Relief of the Goddess Mut
Egyptian, Classical, Ancient Near Eastern Art
On View: 19th Dynasty to Roman Period, Martha A. and Robert S. Rubin Gallery, 3rd Floor
Before the end of the New Kingdom almost all images of female figures wearing the Double Crown of Upper and Lower Egypt were depictions of the goddess Mut, here labeled "Lady of Heaven, Mistress of All the Gods." The goddess's facial features mark this as a work made sometime between late Dynasty XVIII and relatively early in the reign of Ramesses II (circa 1279-1213 B.C.). For more information on the goddess Mut and her temples, see the installations in Temples, Tombs, and the Egyptian Universe.
ca. 1336-1213 B.C.E.
late Dynasty 18 to early Dynasty 19
18 7/8 × 9 13/16 × 3 3/8 in. (48 × 25 × 8.5 cm) (show scale)
Charles Edwin Wilbour Fund
One red granite representation of a goddess wearing the Double Crown with uraeus attached and portions of two columns of inscriptions in sunk relief suggesting an identification as the Goddess Mut.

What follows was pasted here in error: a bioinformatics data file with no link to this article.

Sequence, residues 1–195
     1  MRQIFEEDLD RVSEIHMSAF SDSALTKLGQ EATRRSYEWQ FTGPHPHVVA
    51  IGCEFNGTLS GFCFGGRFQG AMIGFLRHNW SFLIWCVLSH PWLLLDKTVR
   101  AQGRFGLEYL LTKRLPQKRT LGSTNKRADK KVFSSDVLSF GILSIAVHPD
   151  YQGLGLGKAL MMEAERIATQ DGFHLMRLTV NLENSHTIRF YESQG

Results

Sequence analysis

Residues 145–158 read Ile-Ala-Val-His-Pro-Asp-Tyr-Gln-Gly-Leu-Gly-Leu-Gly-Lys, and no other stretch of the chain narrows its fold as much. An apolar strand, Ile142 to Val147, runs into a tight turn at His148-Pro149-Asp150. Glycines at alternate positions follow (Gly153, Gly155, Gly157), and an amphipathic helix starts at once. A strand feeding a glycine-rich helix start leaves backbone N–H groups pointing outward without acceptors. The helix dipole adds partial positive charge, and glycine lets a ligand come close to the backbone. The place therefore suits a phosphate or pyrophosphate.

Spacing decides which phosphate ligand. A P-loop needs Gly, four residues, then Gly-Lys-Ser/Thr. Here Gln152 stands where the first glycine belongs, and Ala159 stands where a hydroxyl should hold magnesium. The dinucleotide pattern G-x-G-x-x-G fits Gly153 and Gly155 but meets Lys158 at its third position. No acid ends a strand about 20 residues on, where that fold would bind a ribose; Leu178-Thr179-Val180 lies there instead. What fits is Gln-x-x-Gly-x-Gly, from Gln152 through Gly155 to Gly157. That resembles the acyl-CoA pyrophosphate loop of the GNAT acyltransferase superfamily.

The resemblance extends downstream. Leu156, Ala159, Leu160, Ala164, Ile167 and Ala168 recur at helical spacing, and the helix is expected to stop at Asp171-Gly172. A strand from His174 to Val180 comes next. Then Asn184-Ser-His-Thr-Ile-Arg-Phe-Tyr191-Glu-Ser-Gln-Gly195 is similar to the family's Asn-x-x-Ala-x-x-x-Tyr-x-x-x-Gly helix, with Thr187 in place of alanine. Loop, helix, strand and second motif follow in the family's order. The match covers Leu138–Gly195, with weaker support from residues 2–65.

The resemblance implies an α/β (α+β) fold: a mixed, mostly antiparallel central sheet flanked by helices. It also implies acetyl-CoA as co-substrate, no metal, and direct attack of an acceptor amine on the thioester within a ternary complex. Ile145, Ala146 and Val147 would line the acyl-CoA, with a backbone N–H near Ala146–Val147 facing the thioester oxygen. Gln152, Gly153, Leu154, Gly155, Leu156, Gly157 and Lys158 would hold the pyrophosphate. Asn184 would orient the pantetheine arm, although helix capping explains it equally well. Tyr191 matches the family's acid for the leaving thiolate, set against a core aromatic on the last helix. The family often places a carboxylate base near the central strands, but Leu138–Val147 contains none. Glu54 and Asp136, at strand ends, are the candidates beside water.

Condition: There is one major crack across the top of the relief through the first sign of hnt running horizontally through the top of the crown’s stinger. A second crack intersects this to form a “Y” in front of the top of the crown. Surface is darkened by handling in places.
Relief of the Goddess Mut, ca. 1336-1213 B.C.E. Granite, 18 7/8 × 9 13/16 × 3 3/8 in. (48 × 25 × 8.5 cm). Brooklyn Museum, Charles Edwin Wilbour Fund, 79.120. Creative Commons-BY (Photo: Brooklyn Museum, CUR.79.120_wwg8.jpg)
installation, West Wing gallery 8 installation, CUR.79.120_wwg8.jpg
. Brooklyn Museum photograph, 2006
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